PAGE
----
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Dynamic Difficulty in Platformers

We’ve all played, and been frustrated by, games that were too difficult for us (Demon’s Souls) or games that were too easy (Smurfs: Rescue In Gargamel’s Castle). In fact, for most games it’s an immense design challenge to create levels that can be enjoyed by both skilled players and noobs. Wouldn’t it be great for a game to automatically modify its levels during play to match the player’s skill?

Some effective dynamic difficulty adjustment techniques have been developed for particular games (SiN Episodes, Left4Dead, Mario Kart), and I aim to add to this tradition with a more structural approach.

Play some level segments online to help me create Polymorph, a Mario-style 2D platformer that alters its levels during play to adjust the difficulty for the individual player!

More discussion ahead…

This online data collection tool presents you with a short computer generated level segment, taking note of the features of the level along with some (anonymous) details about your play behavior. This is stored along with your rating of the level segment’s difficulty. Once you’ve helped me accumulate enough play data, I’ll use statistical learning methods to determine a model of player difficulty in this simple game. Polymorph is being built on top of this difficulty model to detect a player’s performance and dynamically alter the level ahead of the player appropriately.

Of course “what makes a level difficult?” is not an easy question to answer, even in a game as simple as this! There are some aspects of level difficulty, such as sudden changes in a familiar pattern or the addition of a new gameplay mechanic, that Polymorph is not yet ready to understand. But difficulty also certainly comes from the combination of various level components – gaps, spikes, and so on – that require player action. These component combinations are the foundation of the level features recorded by the short level segments you (hopefully!) just played. This will allow Polymorph to update the difficulty of the upcoming level design based on the player’s performance.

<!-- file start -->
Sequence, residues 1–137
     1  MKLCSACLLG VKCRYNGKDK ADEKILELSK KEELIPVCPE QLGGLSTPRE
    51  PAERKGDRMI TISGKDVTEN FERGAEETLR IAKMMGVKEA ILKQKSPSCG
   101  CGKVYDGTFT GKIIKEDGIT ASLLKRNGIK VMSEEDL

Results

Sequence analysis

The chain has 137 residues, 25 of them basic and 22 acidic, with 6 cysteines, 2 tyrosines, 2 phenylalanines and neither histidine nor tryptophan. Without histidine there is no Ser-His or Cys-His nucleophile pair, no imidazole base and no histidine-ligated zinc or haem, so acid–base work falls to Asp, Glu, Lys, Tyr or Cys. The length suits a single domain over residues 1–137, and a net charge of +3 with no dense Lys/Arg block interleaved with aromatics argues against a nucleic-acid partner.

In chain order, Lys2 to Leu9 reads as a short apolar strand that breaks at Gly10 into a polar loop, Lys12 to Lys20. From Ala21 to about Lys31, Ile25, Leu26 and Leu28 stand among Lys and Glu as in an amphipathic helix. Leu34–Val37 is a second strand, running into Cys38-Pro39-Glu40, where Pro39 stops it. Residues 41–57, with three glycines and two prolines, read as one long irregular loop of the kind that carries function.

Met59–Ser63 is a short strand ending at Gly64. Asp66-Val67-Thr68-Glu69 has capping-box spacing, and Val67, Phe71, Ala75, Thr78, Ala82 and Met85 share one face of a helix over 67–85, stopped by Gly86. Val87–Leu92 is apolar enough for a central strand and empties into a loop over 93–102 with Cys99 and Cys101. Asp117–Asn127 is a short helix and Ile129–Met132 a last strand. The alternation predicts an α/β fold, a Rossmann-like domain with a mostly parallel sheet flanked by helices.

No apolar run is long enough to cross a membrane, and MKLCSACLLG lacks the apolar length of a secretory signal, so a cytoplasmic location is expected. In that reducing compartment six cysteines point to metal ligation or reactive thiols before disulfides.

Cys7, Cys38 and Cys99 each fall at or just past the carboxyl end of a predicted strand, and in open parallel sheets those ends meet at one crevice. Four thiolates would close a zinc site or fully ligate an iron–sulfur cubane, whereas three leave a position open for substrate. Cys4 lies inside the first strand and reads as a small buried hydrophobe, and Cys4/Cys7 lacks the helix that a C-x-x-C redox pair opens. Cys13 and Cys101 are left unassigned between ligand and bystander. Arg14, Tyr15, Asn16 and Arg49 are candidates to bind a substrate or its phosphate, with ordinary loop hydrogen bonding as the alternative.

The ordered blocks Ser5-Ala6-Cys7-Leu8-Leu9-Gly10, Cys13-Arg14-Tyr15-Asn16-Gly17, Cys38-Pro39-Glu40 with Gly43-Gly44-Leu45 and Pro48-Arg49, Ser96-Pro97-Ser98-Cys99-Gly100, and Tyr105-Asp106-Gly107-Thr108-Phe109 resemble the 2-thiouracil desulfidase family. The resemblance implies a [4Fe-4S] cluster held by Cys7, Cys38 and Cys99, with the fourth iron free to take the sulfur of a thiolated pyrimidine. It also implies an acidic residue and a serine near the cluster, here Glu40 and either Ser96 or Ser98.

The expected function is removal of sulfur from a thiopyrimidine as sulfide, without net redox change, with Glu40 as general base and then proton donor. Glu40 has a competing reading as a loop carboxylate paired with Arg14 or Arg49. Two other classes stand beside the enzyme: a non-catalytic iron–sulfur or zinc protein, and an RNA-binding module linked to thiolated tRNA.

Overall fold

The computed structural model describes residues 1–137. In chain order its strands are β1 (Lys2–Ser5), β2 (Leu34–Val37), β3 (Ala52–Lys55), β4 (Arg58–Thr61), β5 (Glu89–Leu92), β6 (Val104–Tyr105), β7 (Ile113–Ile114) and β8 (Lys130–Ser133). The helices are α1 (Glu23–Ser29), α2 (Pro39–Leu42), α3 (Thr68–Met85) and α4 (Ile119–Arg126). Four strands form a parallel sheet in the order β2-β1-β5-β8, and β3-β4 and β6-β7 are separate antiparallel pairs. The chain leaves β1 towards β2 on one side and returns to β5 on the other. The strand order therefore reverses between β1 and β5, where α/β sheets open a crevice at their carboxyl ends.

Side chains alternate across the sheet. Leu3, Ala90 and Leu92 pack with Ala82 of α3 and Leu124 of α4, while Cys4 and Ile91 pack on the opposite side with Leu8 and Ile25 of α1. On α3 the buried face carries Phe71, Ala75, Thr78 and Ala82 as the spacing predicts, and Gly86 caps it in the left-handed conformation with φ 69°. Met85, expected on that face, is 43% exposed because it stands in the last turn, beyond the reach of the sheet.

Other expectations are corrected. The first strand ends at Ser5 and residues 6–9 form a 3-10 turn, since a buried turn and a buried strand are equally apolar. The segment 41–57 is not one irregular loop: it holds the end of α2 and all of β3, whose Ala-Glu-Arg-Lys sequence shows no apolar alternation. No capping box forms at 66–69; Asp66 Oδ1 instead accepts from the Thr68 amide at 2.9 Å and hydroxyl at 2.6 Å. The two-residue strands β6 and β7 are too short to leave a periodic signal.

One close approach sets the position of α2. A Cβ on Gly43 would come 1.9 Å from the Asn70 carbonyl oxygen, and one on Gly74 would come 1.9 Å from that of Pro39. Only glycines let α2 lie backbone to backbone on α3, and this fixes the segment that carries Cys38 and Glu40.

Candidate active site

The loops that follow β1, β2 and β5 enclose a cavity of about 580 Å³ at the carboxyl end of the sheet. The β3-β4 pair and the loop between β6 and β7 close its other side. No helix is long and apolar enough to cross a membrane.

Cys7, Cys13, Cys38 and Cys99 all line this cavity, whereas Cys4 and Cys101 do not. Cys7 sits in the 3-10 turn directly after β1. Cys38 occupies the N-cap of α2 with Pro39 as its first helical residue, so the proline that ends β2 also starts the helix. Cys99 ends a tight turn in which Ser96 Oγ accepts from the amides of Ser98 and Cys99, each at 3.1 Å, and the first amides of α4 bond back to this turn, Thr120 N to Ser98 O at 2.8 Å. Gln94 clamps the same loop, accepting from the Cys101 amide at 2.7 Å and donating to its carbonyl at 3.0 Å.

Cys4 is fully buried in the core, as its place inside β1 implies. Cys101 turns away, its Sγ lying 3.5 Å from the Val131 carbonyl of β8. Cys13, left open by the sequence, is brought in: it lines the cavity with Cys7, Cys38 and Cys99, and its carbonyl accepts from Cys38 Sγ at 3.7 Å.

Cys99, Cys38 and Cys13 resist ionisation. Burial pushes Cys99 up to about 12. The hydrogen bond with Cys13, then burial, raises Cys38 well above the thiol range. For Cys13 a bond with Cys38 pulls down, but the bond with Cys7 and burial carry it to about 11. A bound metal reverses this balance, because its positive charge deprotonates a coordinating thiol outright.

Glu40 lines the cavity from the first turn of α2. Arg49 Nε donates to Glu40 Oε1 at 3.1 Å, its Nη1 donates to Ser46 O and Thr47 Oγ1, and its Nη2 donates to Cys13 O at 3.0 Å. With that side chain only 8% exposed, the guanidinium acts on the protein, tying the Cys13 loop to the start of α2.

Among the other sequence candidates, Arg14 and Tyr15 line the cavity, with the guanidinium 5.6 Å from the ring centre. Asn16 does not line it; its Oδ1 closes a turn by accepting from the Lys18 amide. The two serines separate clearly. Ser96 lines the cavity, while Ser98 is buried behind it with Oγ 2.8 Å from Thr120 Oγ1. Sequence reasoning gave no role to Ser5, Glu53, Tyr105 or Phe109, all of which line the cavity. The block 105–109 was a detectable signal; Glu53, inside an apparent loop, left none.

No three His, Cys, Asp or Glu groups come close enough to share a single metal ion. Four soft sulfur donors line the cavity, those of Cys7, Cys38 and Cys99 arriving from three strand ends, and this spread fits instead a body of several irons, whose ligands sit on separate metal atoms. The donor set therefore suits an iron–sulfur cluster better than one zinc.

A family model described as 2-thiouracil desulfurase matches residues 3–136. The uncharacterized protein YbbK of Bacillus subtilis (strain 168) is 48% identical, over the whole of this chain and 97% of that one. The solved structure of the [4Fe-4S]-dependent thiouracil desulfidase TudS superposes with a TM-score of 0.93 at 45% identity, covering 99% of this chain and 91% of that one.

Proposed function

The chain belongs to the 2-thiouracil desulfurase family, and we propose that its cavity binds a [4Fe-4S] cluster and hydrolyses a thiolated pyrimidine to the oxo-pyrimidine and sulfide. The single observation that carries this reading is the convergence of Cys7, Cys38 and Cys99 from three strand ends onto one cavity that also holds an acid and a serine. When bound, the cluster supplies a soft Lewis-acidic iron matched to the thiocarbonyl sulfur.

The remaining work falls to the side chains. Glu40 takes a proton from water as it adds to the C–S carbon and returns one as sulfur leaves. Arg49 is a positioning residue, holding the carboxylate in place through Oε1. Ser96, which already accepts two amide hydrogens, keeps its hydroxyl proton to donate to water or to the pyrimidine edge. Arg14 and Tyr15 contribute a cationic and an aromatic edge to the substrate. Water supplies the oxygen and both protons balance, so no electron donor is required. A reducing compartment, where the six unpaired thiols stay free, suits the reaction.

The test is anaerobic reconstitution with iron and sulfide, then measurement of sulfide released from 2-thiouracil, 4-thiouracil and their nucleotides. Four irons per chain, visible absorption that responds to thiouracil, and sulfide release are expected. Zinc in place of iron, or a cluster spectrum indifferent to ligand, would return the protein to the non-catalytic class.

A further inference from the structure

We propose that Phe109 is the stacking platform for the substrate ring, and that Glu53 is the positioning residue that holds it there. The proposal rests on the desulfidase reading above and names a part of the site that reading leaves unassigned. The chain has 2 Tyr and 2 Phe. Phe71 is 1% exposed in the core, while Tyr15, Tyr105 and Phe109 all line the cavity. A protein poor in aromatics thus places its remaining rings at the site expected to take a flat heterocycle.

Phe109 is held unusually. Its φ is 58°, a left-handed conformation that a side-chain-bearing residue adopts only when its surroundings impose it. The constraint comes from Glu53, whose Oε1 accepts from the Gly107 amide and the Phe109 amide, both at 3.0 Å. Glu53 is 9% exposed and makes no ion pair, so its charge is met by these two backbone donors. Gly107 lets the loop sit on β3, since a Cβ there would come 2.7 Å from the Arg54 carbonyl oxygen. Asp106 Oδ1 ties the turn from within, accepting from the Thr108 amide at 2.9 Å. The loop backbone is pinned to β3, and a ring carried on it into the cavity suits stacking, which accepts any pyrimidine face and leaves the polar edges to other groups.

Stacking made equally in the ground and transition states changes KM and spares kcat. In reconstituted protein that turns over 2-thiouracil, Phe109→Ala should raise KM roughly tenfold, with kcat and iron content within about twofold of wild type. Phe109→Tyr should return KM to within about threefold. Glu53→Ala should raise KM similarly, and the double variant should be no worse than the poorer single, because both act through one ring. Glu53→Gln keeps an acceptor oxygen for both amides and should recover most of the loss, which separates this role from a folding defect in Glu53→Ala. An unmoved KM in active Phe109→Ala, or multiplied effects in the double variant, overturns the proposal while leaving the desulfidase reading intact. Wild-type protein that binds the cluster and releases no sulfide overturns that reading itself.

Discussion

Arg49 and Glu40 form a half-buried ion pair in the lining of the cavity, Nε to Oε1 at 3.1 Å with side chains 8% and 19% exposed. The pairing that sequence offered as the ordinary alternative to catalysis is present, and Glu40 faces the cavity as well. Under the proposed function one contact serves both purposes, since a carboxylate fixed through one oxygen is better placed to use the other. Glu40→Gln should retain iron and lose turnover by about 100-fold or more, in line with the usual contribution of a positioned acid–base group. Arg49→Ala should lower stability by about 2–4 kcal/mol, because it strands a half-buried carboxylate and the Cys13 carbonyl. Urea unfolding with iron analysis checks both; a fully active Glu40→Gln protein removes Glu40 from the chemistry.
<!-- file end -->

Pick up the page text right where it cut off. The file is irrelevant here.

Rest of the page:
Replaying a devastatingly difficult level repeatedly can bring a joy of its own, as can peacefully exploring a nonthreatening environment, but I believe there is merit to the personalized approached of dynamic difficulty adjustment.

A short paper about this project will appear at the Procedural Content Generation workshop at FDG 2010.

EDIT: Thanks to everyone who played some levels! I was able to collect data from over 2000 level playthroughs in just a couple days.


About the author:  Martin is a 2nd year MS student studying procedural level generation and dynamic difficulty adjustment. Read more from this author


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One Comment

  1. DF
    Posted May 2, 2010 at 8:54 AM | Permalink

    Great project Martin.

    Certanly not something every game should have, but of course, that’s not the point.

    This kind of study can bring light to the way we think, both in the gameplaying aspect, and the creative process of game-making.

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